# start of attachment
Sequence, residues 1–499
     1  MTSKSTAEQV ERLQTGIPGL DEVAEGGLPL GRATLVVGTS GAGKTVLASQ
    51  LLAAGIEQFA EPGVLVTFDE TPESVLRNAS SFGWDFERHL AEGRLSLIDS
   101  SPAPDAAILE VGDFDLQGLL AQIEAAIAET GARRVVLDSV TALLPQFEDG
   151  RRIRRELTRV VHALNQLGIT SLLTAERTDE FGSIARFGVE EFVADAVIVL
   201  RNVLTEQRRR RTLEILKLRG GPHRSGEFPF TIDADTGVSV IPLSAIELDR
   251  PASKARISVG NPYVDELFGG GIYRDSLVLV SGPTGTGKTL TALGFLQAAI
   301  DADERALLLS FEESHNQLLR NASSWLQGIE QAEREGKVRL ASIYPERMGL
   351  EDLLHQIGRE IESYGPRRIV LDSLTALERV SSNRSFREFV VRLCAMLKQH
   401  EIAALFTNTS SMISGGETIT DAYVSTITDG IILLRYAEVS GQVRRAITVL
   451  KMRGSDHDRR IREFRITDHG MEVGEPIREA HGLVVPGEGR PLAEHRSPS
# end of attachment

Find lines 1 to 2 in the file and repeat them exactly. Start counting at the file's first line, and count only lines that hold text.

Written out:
Sequence, residues 1–499
     1  MTSKSTAEQV ERLQTGIPGL DEVAEGGLPL GRATLVVGTS GAGKTVLASQ